Waterfowl Hunting Generates Income
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WATERFOWL HUNTING GENERATES INCOME
By Don Gasaway
 
The comical quacking of a mallard hen and the dawning of a morning with the streaks of orange across a grey sky can make waterfowl hunting a very pleasurable experience.  The impressive flocks of mallards exploding from the water provide the hunter with a quality outdoor experience.  Matching ones skills with gun and game calls against the natural wariness of the waterfowl provides a challenge unmatched in other sports.
 
The face of waterfowl hunting in the southern Midwest has been gradually changing for several years.  A change in emphasis from goose to duck hunting has helped to relieve the financial woes of farmers and hunting club owners.
 
According to University of Illinois human dimensions scientist Craig Miller, each duck harvested by a hunter has a monetary value of $453 to the Illinois economy.
 
Every dollar spent by a hunter generates $1.86 to the local economy.  In general waterfowl hunting provides 2,556 jobs and contributes $20.5 million in state and local taxes.
 
The change has not been cheap for the landowner.  In order to flood cornfields, wells are required.  The club owners seemed to come to the same conclusion at the same time.  As a result more birds hold in the area.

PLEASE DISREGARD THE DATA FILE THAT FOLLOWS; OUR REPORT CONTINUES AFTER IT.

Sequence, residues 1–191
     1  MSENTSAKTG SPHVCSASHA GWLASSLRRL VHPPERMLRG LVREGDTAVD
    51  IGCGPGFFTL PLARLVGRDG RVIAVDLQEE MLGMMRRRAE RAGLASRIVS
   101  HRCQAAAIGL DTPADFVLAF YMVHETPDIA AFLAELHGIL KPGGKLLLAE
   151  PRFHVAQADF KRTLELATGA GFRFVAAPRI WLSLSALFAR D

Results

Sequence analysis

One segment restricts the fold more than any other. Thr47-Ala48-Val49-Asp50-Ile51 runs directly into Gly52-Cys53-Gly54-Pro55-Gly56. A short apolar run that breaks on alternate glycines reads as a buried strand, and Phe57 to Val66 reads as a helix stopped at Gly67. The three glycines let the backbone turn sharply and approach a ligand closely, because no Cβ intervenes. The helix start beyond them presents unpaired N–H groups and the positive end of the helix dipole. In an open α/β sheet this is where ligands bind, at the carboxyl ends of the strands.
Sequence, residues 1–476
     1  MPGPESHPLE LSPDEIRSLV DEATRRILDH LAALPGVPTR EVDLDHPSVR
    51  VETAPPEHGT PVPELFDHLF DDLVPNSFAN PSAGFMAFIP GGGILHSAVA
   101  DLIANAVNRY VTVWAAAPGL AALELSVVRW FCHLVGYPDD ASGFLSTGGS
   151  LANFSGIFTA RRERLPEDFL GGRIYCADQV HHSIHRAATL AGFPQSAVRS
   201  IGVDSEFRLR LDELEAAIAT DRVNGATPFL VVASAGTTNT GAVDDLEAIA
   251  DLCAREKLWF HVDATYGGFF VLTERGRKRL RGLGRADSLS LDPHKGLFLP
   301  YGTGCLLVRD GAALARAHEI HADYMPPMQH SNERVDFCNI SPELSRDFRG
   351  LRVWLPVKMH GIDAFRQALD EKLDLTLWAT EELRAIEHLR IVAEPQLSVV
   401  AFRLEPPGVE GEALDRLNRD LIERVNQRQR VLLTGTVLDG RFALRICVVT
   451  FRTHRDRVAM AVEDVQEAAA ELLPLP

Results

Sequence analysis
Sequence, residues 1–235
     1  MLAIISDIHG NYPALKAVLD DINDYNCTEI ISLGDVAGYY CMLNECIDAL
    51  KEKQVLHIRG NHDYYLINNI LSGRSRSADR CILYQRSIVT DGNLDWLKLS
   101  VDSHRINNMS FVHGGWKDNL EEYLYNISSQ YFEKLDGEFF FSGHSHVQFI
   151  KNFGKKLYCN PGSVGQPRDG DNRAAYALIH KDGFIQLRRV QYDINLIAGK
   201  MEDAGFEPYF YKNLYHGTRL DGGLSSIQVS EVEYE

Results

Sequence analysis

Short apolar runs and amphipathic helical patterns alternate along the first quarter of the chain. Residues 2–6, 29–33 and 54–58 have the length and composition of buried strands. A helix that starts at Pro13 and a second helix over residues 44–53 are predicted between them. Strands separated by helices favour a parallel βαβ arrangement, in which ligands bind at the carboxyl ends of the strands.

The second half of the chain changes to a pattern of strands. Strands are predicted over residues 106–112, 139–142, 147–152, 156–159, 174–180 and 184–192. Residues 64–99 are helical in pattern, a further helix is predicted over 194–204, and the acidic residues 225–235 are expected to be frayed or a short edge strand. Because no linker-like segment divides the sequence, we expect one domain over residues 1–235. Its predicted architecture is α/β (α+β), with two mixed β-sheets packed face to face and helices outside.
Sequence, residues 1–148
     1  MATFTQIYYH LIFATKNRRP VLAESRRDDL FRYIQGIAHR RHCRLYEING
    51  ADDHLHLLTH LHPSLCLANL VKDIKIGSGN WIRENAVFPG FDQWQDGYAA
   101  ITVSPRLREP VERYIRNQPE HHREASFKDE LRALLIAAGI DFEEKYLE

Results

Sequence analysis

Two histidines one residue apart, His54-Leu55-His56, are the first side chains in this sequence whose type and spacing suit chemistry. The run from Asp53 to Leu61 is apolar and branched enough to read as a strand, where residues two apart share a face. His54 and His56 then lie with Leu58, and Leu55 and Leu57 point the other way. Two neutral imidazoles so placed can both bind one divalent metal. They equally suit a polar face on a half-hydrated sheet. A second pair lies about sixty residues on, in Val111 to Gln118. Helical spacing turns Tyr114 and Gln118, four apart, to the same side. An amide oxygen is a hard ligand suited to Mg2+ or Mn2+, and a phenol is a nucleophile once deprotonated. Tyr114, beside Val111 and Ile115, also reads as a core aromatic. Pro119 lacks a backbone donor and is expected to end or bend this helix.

The levees around the fields and wells in them have been a considerable expense.  But, they yield results in increased hunter days.  Foul weather or not the ducks will come and stay for the full sixty day season.
 
The flooded corn attracts large flocks of mallards.  Hunters report harvests of other species such as wood ducks, gadwall, widgeon, pintail, teal and shoveler.
 
The geese stay up north as long as the weather permits.  The ducks will move south regardless of the activity of the geese and the weather.  The more reliable supply of birds makes duck hunting more popular with the club owners and hunters.
 
There are two basic types of ducks that visit here in the Ohio River basin: dabbling ducks and diving ducks.  The first to arrive are the dabbling ducks.  They include such species as mallards, pintails, black ducks, wood ducks and the teal.  These are the ducks that like the shallow, weedy slews, ponds and streams.  They feed on the aquatic plants and seeds.
 
Later the diving ducks join the dabblers for the rest of the winter.  These ducks like the deeper water where they feed on aquatic plants and invertebrates that they find beneath the surface of the water.  They will dive to depths of three to seven feet in search of food.  This class of birds includes the canvasbacks, redheads, scaup, ring-necked ducks and goldeneye.